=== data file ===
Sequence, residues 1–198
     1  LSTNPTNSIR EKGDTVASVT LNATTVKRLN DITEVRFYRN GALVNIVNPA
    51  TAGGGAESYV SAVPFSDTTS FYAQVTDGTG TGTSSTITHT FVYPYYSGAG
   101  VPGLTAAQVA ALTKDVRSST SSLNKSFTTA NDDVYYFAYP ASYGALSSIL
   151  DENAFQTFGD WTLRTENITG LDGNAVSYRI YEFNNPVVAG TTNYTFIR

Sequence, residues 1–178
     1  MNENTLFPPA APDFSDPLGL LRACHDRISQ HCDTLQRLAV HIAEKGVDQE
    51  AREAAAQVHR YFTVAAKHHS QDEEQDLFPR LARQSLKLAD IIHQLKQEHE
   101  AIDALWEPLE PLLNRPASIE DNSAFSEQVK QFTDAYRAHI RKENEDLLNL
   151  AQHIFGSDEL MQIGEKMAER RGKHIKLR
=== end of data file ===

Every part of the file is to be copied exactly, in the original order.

Sequence, residues 1–198
     1  LSTNPTNSIR EKGDTVASVT LNATTVKRLN DITEVRFYRN GALVNIVNPA
    51  TAGGGAESYV SAVPFSDTTS FYAQVTDGTG TGTSSTITHT FVYPYYSGAG
   101  VPGLTAAQVA ALTKDVRSST SSLNKSFTTA NDDVYYFAYP ASYGALSSIL
   151  DENAFQTFGD WTLRTENITG LDGNAVSYRI YEFNNPVVAG TTNYTFIR

Sequence, residues 1–178
     1  MNENTLFPPA APDFSDPLGL LRACHDRISQ HCDTLQRLAV HIAEKGVDQE
    51  AREAAAQVHR YFTVAAKHHS QDEEQDLFPR LARQSLKLAD IIHQLKQEHE
   101  AIDALWEPLE PLLNRPASIE DNSAFSEQVK QFTDAYRAHI RKENEDLLNL
   151  AQHIFGSDEL MQIGEKMAER RGKHIKLR